24. The sample of Quinn and Toyoda includes just 18 countries with a per capita income of less than US$ 875 (2005), compared to 47 low-income countries for which the Chinn–Ito index is available. Moreover, the Quinn–Toyoda data set covers just four annual observations for the period under consideration here, with 1997 being the most recent observation for most of the country sample. Hence, it is also with respect to the time dimension that the Chinn–Ito index is to be preferred for the present purpose.

  25. A few countries signed BITs but never ratified them; for example, Brazil was signatory of 14 non-ratified BITs as of 1 June 2008. Any impact of the signed BITs is thus questionable.

  26. As argued by Neumayer (2007) with respect to DTTs, this would require an enormous effort; various provisions may be next to impossible to quantify.

  27. Hallward-Driemeier (2003) applies the number of BITs a host country has concluded with third countries as an instrument for the BITs concluded between particular pairs. This instrumentation is awkward if Neumayer and Spess (2005) are right in that BITs concluded with a particular source country have signaling effects and may, thus, be correlated with FDI from other sources, too. Tobin and Rose-Ackerman (2005) use a time variable and the level of democracy in the host country as instruments. The reason given for this instrumentation is that, observing that more and more countries conclude BITs, a particular host country may feel the need to join this trend in order not to be left out. However, this argument rather suggests employing the number of BITs concluded by other host countries, and in particular by neighboring host countries, as an instrument for pair-wise BITs concluded by the particular host country under consideration.

  28. The FDI data for financial offshore centers are highly likely to be biased. We exclude all countries that are on the list of offshore financial centers as reported by Eurostat (2005).

  29. See Appendices 2 and 3 for the source and host country sample.

  30. The sample declines by 330 observations if CapOpen is included (Model II).

  31. This point is stressed by Egger and Merlo (2007) in the context of BITs and FDI.

  32. Overall, our sample consists of 14,077 observations and 2,313 country pairs, that is, more than four times as many country pairs as used by Hallward-Driemeier (2003), who employed 537 pairs.

  33. Note the increase in the size of the coefficient for BIT from Models I and II to Model III. This is mainly due to the fact that we add the interaction term. To get the net impact of a ratification of a BIT, we would have to take the estimated coefficient for the interaction term into account too. The overall impact in this specification (and all other specifications in the following) is always positive and significant, which has been confirmed by an appropriate F-test.

  34. Note that DTT turns out to be positive and highly significant when excluding the BIT variable in the regressions with FDI2. Obviously, a large number of countries ratified both BITs and DTTs more or less at the same time, thereby making it difficult to sort out the net impact of both variables on FDI flows.

  35. We also employed a Tobit model to examine the robustness of the results. Importantly, the BIT variable remains positive and highly significant.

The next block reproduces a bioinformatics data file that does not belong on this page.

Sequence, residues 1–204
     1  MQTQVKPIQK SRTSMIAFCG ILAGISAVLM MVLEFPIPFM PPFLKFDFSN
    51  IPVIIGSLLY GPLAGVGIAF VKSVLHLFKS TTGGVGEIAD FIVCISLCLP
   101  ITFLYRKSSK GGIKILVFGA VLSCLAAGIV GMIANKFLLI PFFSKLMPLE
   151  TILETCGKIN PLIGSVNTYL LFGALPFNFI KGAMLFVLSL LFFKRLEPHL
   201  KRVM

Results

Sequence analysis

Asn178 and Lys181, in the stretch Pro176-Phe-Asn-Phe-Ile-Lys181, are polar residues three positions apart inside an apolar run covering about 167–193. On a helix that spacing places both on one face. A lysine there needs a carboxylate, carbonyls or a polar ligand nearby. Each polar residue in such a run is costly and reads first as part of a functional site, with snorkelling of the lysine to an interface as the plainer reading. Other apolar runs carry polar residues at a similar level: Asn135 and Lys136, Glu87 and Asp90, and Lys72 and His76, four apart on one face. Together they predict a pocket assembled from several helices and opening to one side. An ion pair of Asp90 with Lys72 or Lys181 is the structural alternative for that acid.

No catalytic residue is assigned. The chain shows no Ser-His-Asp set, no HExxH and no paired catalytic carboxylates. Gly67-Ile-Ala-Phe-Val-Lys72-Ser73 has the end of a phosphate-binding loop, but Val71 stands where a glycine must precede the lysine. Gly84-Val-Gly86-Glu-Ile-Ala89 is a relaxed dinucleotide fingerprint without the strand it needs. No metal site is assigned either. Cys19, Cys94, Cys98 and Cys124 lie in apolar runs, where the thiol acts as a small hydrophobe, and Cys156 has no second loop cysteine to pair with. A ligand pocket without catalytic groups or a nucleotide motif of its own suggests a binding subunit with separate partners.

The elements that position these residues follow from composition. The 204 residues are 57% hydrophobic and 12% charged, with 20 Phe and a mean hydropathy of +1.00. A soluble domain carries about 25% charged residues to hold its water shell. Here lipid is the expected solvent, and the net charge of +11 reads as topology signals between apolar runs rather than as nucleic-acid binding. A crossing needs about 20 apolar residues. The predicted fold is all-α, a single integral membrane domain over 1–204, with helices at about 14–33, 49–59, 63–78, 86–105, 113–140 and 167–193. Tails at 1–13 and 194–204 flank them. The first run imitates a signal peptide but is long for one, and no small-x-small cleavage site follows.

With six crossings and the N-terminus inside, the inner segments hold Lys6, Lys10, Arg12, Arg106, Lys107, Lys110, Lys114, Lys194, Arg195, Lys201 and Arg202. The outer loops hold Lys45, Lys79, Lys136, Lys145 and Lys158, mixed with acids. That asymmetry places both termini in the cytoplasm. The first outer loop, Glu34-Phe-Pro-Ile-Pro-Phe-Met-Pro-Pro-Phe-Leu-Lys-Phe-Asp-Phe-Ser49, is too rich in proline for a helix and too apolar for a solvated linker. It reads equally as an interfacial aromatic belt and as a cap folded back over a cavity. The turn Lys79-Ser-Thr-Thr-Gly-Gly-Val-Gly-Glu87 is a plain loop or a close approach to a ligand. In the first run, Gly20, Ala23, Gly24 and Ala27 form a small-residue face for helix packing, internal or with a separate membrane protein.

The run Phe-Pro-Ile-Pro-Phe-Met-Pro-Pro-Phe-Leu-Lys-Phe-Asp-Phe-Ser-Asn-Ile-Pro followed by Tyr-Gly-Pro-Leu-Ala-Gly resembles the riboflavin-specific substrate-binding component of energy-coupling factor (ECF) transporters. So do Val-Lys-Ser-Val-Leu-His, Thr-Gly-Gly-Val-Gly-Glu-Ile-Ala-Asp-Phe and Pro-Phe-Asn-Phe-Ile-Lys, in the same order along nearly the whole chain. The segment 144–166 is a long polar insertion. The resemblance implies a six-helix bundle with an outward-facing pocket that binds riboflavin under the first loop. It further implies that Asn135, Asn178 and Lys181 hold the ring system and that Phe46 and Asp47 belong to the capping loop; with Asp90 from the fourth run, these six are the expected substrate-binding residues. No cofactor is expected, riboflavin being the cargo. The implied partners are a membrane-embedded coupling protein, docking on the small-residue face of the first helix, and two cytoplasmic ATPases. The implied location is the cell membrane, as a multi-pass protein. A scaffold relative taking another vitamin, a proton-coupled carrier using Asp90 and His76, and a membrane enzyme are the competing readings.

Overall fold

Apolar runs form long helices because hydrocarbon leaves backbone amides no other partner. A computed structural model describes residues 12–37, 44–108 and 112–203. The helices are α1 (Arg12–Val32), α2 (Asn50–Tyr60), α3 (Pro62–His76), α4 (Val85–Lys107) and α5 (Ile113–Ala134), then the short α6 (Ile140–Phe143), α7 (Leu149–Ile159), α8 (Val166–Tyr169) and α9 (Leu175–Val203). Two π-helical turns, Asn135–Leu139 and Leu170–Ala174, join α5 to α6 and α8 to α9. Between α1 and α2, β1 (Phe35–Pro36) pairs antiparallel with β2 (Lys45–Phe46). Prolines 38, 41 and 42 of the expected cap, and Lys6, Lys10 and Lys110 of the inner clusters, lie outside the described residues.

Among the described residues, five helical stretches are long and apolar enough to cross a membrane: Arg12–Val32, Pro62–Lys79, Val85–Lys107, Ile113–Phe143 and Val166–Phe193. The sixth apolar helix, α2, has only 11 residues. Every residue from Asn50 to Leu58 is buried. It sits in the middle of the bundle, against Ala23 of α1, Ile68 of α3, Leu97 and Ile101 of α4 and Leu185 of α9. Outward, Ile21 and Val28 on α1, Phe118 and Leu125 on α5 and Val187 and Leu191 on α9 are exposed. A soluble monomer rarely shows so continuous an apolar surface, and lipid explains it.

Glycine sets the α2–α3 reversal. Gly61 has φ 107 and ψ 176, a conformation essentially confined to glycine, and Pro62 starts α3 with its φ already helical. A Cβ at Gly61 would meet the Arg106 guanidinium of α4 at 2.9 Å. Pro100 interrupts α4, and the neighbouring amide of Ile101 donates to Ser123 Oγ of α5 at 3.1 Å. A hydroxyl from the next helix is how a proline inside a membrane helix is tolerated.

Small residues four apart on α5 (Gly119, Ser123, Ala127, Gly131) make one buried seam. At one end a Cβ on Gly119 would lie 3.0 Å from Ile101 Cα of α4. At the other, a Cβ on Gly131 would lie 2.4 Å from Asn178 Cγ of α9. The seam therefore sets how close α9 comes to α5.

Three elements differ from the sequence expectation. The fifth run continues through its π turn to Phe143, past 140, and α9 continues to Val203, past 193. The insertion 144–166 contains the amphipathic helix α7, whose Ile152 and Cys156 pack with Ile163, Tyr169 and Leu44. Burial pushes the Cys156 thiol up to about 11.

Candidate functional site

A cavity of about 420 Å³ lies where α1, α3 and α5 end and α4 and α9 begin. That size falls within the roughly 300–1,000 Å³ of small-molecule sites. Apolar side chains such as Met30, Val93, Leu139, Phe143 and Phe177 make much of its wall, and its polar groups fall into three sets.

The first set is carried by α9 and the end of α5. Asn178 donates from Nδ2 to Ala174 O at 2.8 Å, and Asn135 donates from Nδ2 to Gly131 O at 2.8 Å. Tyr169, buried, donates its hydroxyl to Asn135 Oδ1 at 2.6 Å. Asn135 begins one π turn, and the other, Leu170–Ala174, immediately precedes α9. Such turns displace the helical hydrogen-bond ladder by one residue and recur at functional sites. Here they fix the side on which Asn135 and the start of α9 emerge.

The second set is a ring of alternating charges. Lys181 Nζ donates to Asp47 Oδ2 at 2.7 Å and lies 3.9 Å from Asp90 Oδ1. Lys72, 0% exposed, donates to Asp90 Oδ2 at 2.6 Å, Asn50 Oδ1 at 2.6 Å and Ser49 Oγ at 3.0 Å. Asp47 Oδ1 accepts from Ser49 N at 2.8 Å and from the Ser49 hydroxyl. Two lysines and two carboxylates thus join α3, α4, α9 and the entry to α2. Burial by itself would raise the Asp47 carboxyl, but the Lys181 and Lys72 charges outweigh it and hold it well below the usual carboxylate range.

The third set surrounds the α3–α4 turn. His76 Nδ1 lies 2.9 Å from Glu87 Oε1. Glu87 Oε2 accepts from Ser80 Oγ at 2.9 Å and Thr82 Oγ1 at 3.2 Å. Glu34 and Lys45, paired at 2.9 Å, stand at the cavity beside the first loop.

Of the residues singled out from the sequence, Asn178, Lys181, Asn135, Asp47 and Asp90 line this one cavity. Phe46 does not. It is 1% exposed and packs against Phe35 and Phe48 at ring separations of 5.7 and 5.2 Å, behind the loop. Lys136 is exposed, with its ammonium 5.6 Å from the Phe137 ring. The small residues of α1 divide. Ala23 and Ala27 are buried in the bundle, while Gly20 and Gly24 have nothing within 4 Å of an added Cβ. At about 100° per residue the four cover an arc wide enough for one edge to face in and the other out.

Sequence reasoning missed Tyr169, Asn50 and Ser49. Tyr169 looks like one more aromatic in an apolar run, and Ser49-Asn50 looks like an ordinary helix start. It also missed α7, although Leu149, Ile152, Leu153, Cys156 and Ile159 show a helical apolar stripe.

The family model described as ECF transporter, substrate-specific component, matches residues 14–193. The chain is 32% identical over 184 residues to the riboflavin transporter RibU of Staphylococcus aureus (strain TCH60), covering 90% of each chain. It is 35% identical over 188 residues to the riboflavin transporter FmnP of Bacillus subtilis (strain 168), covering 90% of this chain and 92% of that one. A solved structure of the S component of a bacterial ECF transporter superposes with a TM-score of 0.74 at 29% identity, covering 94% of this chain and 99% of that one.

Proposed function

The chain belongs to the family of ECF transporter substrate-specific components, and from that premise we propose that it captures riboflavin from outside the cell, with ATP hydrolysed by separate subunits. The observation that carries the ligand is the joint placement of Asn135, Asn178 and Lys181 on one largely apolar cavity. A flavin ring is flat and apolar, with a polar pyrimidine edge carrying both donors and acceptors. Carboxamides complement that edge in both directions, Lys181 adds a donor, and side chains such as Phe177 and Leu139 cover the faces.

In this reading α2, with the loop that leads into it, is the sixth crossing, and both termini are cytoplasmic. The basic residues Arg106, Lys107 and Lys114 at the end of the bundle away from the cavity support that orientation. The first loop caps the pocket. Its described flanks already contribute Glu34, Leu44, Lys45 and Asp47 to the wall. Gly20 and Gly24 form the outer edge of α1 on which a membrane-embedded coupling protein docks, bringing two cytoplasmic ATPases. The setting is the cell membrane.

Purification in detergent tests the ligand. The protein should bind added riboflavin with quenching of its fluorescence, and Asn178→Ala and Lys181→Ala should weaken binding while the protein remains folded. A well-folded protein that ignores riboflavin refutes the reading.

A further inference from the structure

36. Again, DTT would be highly significant if we excluded the BIT variable.

  37. Neumayer and Spess (2005) use several indicators for institutional quality and also find that the interaction terms are not always significant.

  38. For the interaction terms, we obtain the same outcome as in the fixed-effects estimation, that is, a negative coefficient for PolCon × BIT and CapOpen × BIT, though only the former is statistically significant.

  39. All GMM robustness checks reported in this section have also been performed for the OLS and PPML models as well as for FDI2. As the sign and significance levels of the coefficients are quite similar, we do not report them. Like all other non-reported results, they can be obtained from the first author upon request.

  40. For reference, we show previous GMM estimates for the full sample in the first row of Table 4.

  41. We classify a country as resource-intensive if its resource rents, that is, energy plus mineral depletion in percent of GNI, are higher than 15% in the first three-year period (1978–1980). See the notes below Table 4 for all resource-intensive countries that have been excluded in this set of regressions.

  42. By contrast, Neumayer (2007) finds that double taxation treaties were effective in increasing FDI flows only to middle-income host countries.

  43. In the context of tax treaties, Blonigen and Davies (2005) refer to concerns that such treaties arise due to lobbying efforts by profit-seeking investors. They conclude that treaties may then be geared towards maximizing investor profits rather than promoting FDI.

  44. To save space, we continue to only report the results with zero observations for FDI flows included.


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We would like to thank Mariana Spatareanu and an anonymous referee for helpful comments and suggestions. Hiro Ito and Dennis Quinn generously shared their data on capital account restrictions with us. Signe Nelgen, Michaela Rank, and Wendy Soh provided excellent research assistance.

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Correspondence to Peter Nunnenkamp.


Appendix 1

See Tables 6 and 7.

Table 6 Definition of variables and data sources
Table 7 Descriptive statistics for the main variables

Appendix 2

figure a

Appendix 3

figure b

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Busse, M., Königer, J. & Nunnenkamp, P. FDI promotion through bilateral investment treaties: more than a bit?. Rev World Econ 146, 147–177 (2010).

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  • FDI
  • Multinational corporations
  • Bilateral investment treaties

JEL Classification

  • C33
  • F21
  • F23